Trisha Slay is a writer with a passion for storytelling. She has studied at the Institute of Children's Literature as well as furthering her skills through online workshops. She is a member of the Society of Children's Book Writers & Illustrators and the Atlanta Writer's Club. She enjoys participating in writing groups and spends a great deal of time improving her craft. Not So Long Ago, Not So Far Away is her first novel.

Tricia hopes Not So Long Ago, Not So Far Away would be compared to Looking for Alaska by John Green and The Perks of Being a Wallflower by Stephen Chbosky. She has said that "If those two books had a Star Wars-obsessed little sister, I'd like to think she would be my novel."

Tricia lives between the Atlanta metro area and the North Georgia Mountains, but hails originally from Ohio...by the way of the San Francisco Bay area. When she is not working on her next book (tentatively titled Sometimes We Strike Back), her interests include: 70s pop culture; unsolved mysteries; Star Wars (original trilogy); historic movie theaters; haunted history; reading (especially YA novels); nutrition/weight watchers/healthy vegetarian cuisine; hiking (exploring the National Forest trails with her guy); yoga/meditation; miscellaneous crafting projects (that rarely turn out as envisioned); and writing letters she never intends to mail.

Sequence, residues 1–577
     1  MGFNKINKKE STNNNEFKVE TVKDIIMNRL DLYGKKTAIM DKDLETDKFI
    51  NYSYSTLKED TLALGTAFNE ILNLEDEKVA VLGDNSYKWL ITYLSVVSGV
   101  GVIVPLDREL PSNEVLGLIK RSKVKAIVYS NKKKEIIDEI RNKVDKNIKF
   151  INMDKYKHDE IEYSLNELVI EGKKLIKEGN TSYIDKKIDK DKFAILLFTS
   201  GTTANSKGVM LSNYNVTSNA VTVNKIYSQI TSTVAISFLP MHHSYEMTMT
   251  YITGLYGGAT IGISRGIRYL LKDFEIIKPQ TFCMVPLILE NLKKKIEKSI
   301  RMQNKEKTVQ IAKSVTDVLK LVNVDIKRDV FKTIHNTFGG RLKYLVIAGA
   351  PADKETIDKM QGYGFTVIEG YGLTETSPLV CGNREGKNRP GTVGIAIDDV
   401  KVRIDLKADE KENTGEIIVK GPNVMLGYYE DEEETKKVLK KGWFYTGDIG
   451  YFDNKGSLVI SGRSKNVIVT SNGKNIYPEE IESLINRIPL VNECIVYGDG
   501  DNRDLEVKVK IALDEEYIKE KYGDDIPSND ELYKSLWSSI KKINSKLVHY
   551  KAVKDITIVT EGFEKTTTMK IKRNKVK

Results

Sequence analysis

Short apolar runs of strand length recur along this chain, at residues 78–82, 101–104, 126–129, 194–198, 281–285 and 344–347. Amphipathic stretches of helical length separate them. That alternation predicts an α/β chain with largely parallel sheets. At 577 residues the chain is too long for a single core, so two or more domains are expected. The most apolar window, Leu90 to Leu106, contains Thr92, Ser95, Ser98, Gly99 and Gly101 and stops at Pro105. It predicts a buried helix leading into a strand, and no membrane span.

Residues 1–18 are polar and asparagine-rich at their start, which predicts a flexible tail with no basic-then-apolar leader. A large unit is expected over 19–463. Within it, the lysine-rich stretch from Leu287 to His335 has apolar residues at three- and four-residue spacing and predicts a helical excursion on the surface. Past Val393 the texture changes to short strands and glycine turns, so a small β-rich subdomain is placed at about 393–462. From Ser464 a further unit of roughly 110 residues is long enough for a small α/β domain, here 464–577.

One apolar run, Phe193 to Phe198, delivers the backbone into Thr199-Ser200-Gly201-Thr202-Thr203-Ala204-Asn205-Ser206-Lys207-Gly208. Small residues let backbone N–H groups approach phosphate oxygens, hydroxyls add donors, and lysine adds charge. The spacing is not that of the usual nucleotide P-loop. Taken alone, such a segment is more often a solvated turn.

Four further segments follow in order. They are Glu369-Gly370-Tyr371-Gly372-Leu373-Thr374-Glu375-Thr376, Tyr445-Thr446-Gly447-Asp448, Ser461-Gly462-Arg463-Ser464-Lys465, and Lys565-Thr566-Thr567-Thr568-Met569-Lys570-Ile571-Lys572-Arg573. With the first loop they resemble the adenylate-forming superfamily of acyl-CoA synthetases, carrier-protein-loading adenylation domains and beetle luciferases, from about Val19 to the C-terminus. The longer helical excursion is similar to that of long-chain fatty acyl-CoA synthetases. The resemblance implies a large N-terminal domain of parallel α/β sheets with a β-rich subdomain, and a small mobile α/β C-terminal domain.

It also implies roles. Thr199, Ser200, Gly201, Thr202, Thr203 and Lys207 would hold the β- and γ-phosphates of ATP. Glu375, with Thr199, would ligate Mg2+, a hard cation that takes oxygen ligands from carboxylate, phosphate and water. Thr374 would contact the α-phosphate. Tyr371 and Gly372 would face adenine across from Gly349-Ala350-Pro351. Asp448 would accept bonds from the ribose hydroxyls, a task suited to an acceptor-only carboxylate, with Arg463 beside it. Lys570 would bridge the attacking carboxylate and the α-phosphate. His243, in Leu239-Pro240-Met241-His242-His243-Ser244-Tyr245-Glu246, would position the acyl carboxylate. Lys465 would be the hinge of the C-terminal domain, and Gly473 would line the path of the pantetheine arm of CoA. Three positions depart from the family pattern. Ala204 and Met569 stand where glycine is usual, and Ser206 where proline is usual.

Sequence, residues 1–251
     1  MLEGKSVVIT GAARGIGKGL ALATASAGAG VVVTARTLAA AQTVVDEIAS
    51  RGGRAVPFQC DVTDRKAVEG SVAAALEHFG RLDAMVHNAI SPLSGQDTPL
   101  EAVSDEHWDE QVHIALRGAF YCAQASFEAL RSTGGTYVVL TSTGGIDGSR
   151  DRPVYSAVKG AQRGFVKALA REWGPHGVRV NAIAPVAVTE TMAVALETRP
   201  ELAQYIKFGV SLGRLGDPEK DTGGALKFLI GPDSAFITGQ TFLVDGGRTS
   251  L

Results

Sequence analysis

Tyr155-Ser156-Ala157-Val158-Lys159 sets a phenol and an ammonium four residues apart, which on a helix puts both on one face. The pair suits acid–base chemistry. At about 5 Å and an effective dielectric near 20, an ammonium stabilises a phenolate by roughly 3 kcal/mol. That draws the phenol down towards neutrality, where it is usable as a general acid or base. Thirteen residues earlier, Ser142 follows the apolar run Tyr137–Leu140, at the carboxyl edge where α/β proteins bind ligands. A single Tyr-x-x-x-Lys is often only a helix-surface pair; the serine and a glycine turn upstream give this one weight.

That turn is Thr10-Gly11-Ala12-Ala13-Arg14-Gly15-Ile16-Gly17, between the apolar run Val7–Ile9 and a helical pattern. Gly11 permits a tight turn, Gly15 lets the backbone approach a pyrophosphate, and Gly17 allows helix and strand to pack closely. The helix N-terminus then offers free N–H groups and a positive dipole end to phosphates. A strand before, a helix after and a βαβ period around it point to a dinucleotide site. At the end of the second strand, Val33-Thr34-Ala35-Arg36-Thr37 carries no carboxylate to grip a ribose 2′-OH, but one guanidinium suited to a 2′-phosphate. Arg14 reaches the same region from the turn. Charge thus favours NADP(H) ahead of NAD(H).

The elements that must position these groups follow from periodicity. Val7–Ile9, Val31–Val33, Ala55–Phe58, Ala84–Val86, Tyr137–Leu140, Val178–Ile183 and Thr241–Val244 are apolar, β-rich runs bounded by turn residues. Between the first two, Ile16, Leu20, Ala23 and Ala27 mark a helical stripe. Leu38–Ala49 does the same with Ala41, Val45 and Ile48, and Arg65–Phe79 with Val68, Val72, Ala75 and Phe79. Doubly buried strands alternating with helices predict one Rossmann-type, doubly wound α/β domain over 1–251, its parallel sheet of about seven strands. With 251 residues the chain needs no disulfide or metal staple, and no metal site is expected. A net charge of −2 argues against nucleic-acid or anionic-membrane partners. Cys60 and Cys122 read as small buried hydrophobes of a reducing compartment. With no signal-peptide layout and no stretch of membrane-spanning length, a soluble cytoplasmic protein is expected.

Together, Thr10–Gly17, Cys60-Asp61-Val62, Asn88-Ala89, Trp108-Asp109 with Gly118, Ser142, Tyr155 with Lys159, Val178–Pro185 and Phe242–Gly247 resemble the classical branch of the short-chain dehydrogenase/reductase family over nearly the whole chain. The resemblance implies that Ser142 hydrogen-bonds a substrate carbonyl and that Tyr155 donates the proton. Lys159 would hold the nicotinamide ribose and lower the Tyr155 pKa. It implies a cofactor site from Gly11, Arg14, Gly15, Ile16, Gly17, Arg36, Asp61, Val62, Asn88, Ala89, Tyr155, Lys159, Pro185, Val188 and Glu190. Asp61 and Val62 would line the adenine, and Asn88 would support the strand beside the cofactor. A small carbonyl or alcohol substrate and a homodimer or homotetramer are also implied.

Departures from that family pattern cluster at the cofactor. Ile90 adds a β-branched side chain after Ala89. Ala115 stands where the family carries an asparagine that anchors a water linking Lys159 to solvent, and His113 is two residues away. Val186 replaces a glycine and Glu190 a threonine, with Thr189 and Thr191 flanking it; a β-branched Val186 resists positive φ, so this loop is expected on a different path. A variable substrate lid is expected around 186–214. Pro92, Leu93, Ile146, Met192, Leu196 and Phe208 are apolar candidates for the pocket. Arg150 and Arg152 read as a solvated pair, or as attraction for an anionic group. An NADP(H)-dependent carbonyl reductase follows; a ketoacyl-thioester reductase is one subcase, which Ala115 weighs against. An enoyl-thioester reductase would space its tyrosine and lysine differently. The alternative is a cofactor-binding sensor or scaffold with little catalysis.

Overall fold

Find out more about the author by visiting her online:
Trisha’s website:
Facebook: https://www.facebook.com/TrishaSlayAuthor
Twitter: @SlaytheWriter
Thank you again Trisha! And don't forget, by commenting you have a chance to win a copy of her book! Contest ends 7/19/2013.
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I've Been Here the Whole Time - A Bit of Short Fiction

July 7, 2013
Something about the hot weather and this photograph mixed together nicely for me. For the first time in ages, I'm actually early for our writing prompt this week! Make sure to check it out and see if you get inspired.

I had been walking for hours. No water. No food. The desert sun beating down upon my back. I had agreed to walk to the nearest gas station. Somewhere, miles and miles back was my family, sitting in the stalled SUV, waiting for me to return. I wonder if I would ever...

A bird called out in the distance. The first sign of life I had seen or heard in a long time. Was he lost too? Separated from his own family? Uncertain of their safety and whether they were okay? He called out again.